Same story as everyone ; NO VIDEO. This problem took months to become lethal to the camera ; at first you only had to reboot it (by removing the plug), then I needed to reboot it a 100 times to finally get it working, and lately it never rebooted without the "NO VIDEO" message ; so it was basically dead.

Also the head clearly made a "noise" ( tiiiiiiiiiiiiit ) and the head was not moving anymore ( including at boot time ).

I replaced the 6 elements, which I can confirm is not an easy task, and my camera in back online for 10 more years I think !

You saved it :)

Cedric - Reply

A guy from France sent me one a few weeks ago, and it also had the noise in the camerahead (focus or zoom or iris motor ?) but after replacing the caps the sound was gone, and the whole thing worked just fine !

When my own camera failed, I only got the NO VIDEO notification, so the capacitor issue presents in different ways ...

Stefan Van pellicom -

For those who'll be bold enough to try the repair : (1) it works (2) it's not easy.

Here are the necessary parts, they are very cheap ( less than 5 $ for all of them ) but you need to open an account at Farnell.

http://be.farnell.com/jsp/search/product...

http://be.farnell.com/jsp/search/product...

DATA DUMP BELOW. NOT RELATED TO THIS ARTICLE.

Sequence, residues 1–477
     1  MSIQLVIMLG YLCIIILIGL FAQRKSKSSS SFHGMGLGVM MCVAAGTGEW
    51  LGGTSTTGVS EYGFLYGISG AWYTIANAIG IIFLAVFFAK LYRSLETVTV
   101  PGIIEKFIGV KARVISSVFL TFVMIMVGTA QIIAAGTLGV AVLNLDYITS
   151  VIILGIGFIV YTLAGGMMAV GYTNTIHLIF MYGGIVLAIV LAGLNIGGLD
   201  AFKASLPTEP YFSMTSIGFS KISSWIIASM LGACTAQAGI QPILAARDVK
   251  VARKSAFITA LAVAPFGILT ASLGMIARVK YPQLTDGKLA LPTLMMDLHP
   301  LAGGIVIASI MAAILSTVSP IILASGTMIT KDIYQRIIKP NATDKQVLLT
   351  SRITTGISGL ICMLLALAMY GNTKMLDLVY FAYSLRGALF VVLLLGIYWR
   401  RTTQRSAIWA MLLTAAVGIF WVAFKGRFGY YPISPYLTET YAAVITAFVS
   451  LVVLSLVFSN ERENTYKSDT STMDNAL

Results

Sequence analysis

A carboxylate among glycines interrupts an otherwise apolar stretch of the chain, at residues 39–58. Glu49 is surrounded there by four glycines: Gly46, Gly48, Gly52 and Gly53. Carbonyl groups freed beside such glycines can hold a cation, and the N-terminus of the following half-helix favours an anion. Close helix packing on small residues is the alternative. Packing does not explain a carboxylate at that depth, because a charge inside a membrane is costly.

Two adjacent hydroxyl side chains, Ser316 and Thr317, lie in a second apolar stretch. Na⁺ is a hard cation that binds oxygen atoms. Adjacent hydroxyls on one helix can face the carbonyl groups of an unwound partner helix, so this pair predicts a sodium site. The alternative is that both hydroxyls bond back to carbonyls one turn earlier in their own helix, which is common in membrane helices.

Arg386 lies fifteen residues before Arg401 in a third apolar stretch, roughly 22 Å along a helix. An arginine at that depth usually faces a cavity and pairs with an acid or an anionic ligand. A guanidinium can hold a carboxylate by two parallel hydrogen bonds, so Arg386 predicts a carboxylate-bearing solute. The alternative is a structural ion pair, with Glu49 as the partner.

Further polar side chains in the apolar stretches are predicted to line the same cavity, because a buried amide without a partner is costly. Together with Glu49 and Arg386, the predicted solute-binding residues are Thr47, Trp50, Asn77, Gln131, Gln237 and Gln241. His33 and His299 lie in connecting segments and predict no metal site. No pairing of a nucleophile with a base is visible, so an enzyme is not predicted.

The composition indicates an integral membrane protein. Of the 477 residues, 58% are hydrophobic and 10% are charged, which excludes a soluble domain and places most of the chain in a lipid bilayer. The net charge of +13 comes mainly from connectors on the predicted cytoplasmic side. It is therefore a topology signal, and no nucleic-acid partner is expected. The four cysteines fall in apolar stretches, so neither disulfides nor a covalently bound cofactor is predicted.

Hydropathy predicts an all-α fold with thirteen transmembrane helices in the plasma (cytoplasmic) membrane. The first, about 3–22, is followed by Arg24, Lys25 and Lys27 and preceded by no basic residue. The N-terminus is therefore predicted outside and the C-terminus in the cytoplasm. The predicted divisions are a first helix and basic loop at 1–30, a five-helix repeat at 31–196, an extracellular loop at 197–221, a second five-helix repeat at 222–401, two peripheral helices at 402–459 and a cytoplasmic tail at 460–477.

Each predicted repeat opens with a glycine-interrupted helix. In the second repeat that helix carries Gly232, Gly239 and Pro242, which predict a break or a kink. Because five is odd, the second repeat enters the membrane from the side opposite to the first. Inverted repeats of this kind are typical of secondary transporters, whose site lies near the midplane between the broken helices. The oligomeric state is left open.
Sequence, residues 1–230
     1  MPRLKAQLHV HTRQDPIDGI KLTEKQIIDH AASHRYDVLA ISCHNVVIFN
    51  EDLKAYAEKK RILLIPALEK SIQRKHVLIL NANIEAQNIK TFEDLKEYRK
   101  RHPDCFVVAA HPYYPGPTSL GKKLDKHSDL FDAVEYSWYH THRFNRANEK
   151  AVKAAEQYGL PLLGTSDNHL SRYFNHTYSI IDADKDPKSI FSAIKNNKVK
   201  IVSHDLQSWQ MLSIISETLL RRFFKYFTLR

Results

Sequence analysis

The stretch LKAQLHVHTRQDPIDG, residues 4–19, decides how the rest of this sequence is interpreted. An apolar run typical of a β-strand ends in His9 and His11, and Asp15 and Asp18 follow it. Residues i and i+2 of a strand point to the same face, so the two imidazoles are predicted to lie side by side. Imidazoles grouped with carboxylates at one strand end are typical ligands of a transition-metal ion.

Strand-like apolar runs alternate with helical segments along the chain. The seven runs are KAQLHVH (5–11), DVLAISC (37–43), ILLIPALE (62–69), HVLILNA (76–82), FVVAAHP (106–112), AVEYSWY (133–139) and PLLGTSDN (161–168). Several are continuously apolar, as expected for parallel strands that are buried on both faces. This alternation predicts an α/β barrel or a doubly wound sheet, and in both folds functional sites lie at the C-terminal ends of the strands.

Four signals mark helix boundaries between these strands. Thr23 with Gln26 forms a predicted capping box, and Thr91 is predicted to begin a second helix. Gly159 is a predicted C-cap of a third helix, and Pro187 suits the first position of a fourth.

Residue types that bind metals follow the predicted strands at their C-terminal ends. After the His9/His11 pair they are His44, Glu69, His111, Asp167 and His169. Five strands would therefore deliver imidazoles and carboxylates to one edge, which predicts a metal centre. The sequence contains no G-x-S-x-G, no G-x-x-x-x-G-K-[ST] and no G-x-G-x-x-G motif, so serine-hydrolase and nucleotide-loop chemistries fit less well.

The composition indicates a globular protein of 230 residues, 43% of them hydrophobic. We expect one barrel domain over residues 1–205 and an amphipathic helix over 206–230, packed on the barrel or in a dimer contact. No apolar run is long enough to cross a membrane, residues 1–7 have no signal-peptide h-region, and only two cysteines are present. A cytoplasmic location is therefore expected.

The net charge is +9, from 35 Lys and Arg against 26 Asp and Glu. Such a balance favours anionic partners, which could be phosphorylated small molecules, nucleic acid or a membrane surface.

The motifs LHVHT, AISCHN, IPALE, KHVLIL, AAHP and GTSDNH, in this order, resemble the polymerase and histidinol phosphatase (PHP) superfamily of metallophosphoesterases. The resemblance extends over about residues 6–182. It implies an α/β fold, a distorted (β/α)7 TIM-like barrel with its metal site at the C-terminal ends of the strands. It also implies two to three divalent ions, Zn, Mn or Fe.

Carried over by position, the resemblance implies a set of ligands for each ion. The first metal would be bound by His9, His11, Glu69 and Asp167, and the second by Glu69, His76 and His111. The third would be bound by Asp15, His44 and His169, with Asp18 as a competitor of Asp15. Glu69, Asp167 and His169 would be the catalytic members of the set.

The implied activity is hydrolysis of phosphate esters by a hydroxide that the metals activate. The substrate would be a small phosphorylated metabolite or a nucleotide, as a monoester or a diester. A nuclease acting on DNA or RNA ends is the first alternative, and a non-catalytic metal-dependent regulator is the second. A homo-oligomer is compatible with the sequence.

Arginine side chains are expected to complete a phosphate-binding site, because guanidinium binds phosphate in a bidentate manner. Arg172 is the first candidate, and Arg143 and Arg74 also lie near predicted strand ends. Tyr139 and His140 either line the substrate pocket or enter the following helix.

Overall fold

http://be.farnell.com/jsp/search/product...

http://be.farnell.com/jsp/search/product...

I repaired mine with those parts, so I can confirm it's 100% working with those parts.

Before doing the soldering, I also tried to replace to power block with a lab power supply tuned at 13V DC ; there is nothing wrong with the power supply, don't bother trying to replace it. It's 100% an issue within the camera, people who say(inside other forums) that it's a problem with the power supply are just wrong.

Cedric - Reply

i to would like a few sets goodrich@adsnet.com thanks......

Michael Goodrich - Reply

I love this article! I do have a question... sometimes my camera says "NO VIDEO" but after a bit, the error goes away and I get a dark picture with green lines running across it. Do you think this capacitor replacement could fix that issue? I believe it to be that they are starting to kick the bucket but just quite haven't made it all the way. If you think that could be the issue, how could I go about contacting you; as you stated above that you have put together some packages of the capacitors and I am indeed wanting to get this camera fixed for my mother so she can monitor her property.

Jeremy - Reply

@Jeremy

I think you have a point there. The drying out of the electrolyte in the caps is a slow process, and there actually is a phase in which it would intermittedly work. You can be sure of the fact that it WILL die if you do nothing, so you might as well fix it now.